Gunpoint Review (PC)
I knew he was trouble the second he walked through the door. He had a video game in his hand and a look of desperation in his eye. Said he had nobody else to turn to, nobody would take his case. He’d been on the run for too long, he needed to calm down. “Tom” I said, “Don’t worry, I can fix this for you – I’ll review Gunpoint.” And that’s how this whole mess started…
If you like tongue-in-cheek slightly hacky Film Noir detective stories, then let me save you some trouble. Stop reading this and go buy Gunpoint now.
Gunpoint is a game in which you, as the ever-iconic “Spy in a Trenchcoat” character must break into buildings to steal information, plant evidence and get out – preferably without being seen. It plays as part platformer, as you have a pair of “Bullfrog HyperTrousers” (allowing you to jump crazy heights and distances, as well as survive fall damage), and after a prologue level to set the scene, it also becomes part puzzle game.
Gunpoint’s hook is that as a super-secret-agent, you have a device that lets you rewire a building’s electrical systems. Want to get through that door? Find a switch, wire it to the door and you can open and shut it at will. Want to make the guards confused? Switch the lights off, then disconnect the light switch – for added fun you might consider wiring the light switch to a power socket so that when the confused guard tries to investigate and switch the lights back on, he electrocutes someone. In later levels, there are different circuits that must be taken over, and systems have to be on the same circuit to interact with each other.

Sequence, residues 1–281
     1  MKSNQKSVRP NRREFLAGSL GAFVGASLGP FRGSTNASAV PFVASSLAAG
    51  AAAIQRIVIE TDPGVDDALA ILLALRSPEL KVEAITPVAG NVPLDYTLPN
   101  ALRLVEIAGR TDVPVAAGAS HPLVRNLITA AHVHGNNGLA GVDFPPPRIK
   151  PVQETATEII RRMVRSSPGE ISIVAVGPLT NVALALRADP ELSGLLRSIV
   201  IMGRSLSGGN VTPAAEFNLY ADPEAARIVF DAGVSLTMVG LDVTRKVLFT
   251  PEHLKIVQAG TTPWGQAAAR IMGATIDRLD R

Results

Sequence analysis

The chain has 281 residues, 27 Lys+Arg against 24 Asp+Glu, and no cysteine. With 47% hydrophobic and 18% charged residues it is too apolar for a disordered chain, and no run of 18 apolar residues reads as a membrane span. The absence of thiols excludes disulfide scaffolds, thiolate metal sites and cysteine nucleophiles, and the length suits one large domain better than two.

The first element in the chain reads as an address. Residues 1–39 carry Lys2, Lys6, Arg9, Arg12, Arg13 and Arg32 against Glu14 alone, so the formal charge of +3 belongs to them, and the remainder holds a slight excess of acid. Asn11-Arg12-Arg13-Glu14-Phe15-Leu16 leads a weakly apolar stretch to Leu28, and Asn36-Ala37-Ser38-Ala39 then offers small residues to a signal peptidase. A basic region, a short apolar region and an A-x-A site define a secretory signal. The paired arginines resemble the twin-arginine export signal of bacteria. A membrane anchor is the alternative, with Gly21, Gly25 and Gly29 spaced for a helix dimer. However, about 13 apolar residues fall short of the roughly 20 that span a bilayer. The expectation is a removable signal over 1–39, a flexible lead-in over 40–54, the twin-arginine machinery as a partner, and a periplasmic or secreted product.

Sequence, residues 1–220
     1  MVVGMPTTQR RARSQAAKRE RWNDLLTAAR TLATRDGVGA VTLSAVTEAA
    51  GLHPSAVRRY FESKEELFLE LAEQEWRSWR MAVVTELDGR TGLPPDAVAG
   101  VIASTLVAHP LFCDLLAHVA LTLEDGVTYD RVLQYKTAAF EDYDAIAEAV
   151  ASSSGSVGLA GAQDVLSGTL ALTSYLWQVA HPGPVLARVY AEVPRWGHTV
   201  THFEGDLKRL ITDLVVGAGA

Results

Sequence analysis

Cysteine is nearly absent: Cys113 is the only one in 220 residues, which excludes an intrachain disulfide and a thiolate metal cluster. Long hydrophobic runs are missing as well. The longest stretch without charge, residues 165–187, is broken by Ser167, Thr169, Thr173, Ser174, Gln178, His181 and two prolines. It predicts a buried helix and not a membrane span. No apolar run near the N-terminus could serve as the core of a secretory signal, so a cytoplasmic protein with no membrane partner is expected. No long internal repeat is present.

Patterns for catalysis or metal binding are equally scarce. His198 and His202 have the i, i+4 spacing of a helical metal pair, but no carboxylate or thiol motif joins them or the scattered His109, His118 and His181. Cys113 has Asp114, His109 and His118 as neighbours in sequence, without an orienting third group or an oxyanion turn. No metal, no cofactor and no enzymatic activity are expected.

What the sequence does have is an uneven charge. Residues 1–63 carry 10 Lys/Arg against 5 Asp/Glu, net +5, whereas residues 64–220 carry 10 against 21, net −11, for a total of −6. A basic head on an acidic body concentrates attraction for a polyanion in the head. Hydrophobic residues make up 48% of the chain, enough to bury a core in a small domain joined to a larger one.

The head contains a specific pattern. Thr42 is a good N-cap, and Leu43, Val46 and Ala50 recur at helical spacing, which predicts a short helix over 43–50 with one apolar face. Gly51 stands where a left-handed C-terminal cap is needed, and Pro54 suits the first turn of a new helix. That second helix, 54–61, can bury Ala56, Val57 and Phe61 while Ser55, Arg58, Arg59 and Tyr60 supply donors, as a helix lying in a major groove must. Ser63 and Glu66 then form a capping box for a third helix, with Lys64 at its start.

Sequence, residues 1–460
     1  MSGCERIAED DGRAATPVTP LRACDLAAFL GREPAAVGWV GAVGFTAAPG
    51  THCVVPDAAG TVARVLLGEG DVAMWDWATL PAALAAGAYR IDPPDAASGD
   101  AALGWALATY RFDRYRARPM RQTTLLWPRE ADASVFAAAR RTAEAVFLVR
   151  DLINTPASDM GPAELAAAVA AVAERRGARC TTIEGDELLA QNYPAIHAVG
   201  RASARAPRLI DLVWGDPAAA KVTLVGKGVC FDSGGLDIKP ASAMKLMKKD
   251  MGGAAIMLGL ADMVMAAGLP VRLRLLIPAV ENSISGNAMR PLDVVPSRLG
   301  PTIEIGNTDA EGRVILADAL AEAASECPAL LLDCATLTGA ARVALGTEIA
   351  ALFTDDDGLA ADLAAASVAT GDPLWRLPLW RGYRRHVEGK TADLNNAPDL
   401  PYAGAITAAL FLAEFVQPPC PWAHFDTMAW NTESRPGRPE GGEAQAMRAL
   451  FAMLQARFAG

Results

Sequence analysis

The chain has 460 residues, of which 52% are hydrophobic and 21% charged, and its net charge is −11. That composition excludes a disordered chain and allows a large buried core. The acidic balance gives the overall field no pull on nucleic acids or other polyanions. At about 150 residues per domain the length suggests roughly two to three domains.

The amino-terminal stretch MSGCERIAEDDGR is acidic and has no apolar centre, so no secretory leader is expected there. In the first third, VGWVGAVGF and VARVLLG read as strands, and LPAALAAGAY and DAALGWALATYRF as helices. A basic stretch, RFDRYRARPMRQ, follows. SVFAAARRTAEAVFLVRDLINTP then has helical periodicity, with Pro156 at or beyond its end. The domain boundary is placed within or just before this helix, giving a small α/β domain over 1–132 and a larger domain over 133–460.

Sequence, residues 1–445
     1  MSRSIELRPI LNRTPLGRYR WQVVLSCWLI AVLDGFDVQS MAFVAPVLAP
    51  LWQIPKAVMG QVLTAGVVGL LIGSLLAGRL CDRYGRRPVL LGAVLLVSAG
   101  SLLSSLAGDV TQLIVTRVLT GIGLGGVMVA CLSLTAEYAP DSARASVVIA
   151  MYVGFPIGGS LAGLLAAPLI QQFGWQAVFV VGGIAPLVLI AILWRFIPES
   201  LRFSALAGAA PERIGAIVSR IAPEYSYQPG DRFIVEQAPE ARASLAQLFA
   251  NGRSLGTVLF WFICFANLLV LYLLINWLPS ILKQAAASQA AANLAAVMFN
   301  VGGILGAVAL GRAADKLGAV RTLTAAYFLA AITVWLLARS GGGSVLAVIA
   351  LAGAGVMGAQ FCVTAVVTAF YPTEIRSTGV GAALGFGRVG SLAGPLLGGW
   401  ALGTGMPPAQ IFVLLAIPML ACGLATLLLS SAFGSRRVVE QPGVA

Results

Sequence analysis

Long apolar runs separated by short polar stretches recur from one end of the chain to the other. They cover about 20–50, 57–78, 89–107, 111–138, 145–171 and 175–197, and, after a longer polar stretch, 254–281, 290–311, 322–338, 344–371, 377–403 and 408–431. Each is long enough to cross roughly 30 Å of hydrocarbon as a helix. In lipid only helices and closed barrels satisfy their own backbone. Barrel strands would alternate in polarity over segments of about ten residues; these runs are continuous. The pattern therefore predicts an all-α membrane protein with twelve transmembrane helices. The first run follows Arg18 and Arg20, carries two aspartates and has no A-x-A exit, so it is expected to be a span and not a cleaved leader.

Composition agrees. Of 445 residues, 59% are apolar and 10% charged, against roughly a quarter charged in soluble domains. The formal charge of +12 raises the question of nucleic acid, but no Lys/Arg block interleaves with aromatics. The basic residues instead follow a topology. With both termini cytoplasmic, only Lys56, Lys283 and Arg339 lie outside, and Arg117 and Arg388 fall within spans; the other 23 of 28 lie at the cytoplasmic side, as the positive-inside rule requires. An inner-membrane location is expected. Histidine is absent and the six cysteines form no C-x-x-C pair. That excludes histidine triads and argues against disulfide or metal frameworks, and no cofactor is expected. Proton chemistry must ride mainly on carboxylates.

The interplay of the platformer elements of jumping, crashing through a plate glass window and taking out a guard, combined with the potential for stealth, remote take-downs and general electrical mayhem creates something that pushes all the right buttons. That there’s also an upgrade system to buy new gear and enhance your abilities which is the icing on top of the already addictive cocaine cake.
If I had to nitpick, I’d pick out two things as being deficient in Gunpoint – firstly I feel it is a game that screams out for controller support and that is mouse/keyboard only I hope is an oversight that will be corrected soon. Secondly, I felt that in some levels, the “choose your style” nature of the game was sacrificed and there seemed to be a single solution to the puzzle that the building presented. It’s the same story we see in a lot of engaging do-anything type games, that when the possible paths do become constrained, it’s even more immersion breaking than if the whole game had been like that.
For £6.99, Gunpoint is a steal. There’s enough to the campaign to keep you occupied for a few hours, and it even has a small branching narrative such that there’s replay value to the whole as well as going back to specific missions to explore different tactics. It’s all woven together in a compelling and comically self-aware plot and dialogue system that retains its charm and Film Noir style whilst being able to laugh at itself and it’s own plot twists. Gunpoint is a fantastic view of what’s still possible whilst still being fairly simple. It’s a great window dressing over the top of what is a fairly basic puzzle game and that’s what makes it work so well.
Buy this game now. If controller support gets added, buy a second copy.
4.5 dime-store paperbacks out of 5Gunpoint Review (PC),